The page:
3. And thus these visions occur not in this life, save occasionally and fleetingly, when, making an exception to the conditions which govern our natural life, God so allows it. At such times He totally withdraws the spirit from this life, and the natural functions of the body are supplied by His favour. This is why, at the time when it is thought that Saint Paul saw these (namely, the incorporeal substances in the third heaven), that Saint says: Sive in corpore, nescio, sive extra corpus, nescio, Deus scit.4304302 Corinthians xii, 2. That is, he was raptured, and of that which he saw he says that he knows not if it was in the body or out of the body, but that God knows. Herein it is clearly seen that the limits of natural means of communication were passed, and that this was the work of God. Likewise, it is believed that God showed His Essence to Moses, for we read that God said to him that He would set him in the cleft of the rock, and would protect him, by covering him with His right hand, and protecting him so that he should not die when His glory passed; the which glory passed indeed, and was shown to him fleetingly, and the natural life of Moses was protected by the right hand of God.431431Exodus xxxiii, 22. But these visions that were so substantial — like that of Saint Paul and Moses, and that of our father Elias, when he covered his face at the gentle whisper of God — although they are fleeting, occur only very rarely — indeed, hardly ever and to very few; for God performs such a thing in those that are very strong in the spirit of the Church and the law of God, as were the three men named above.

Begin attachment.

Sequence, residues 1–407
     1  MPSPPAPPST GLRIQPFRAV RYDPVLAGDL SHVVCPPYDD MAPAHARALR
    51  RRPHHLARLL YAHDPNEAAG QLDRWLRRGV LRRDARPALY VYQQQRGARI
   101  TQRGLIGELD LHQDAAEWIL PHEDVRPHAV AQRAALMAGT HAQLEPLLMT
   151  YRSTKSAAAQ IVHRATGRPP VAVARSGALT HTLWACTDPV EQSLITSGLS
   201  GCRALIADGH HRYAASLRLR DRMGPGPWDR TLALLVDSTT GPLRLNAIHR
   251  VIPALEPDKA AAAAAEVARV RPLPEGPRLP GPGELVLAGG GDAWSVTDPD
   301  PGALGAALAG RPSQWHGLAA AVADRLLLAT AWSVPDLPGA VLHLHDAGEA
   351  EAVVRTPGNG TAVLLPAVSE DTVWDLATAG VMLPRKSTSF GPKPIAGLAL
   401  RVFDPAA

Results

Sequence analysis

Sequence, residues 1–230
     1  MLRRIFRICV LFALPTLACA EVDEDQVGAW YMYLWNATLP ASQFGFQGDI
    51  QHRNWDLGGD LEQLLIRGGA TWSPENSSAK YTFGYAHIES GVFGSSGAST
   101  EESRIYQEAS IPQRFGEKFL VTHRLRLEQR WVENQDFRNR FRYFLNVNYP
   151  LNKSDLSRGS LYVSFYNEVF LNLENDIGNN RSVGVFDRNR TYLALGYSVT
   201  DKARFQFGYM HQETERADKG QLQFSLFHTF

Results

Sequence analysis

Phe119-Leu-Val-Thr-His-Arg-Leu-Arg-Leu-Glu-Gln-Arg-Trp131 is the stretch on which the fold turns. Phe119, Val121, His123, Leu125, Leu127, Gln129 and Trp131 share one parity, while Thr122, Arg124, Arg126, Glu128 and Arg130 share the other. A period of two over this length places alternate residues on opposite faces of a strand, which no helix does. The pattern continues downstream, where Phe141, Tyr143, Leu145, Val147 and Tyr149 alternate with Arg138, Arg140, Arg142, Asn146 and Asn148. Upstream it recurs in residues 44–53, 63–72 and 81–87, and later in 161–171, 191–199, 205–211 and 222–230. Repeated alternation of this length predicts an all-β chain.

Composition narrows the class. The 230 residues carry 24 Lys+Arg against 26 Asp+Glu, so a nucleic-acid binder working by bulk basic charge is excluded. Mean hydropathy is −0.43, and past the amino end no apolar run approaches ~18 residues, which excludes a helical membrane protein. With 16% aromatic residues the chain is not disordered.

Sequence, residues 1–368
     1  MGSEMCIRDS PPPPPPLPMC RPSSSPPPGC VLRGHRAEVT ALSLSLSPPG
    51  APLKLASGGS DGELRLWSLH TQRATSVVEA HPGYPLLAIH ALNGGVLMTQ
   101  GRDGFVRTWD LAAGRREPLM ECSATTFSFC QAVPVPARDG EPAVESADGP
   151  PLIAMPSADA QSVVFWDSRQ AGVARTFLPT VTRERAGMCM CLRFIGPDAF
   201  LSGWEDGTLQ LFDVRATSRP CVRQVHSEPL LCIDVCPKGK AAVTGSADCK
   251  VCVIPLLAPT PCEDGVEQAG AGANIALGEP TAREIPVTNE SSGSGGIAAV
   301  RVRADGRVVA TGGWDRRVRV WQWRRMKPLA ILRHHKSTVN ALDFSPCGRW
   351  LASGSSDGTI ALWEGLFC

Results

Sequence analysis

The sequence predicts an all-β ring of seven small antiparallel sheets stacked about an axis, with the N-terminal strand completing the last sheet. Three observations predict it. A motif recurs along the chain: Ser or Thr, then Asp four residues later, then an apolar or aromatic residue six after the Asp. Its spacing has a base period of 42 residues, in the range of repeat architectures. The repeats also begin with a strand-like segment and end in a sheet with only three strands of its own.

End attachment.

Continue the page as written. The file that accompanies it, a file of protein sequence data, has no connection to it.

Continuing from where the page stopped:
4. But, although these visions of spiritual substances cannot be unveiled and be clearly seen in this life by the understanding, they can nevertheless be felt in the substance of the soul, with the sweetest touches and unions, all of which belongs to spiritual feelings, whereof, with the Divine favour, we shall treat presently; for our pen is being directed and guided to these — that is to say, to the Divine bond and union of the soul with Divine Substance. We shall speak of this when we treat of the dark and confused mystical understanding which remains to be described, wherein we shall show how, by means of this dark and loving knowledge, God is united with the soul in a lofty and Divine degree;432432This description the Saint probably accomplished, or intended to accomplish, in his commentaries on the last five stanzas of the Dark Night, which have not come down to us. for, after some manner, this dark and loving knowledge, which is faith, serves as a means to Divine union in this life, even as, in the next life, the light of glory serves as an intermediary to the clear vision of God.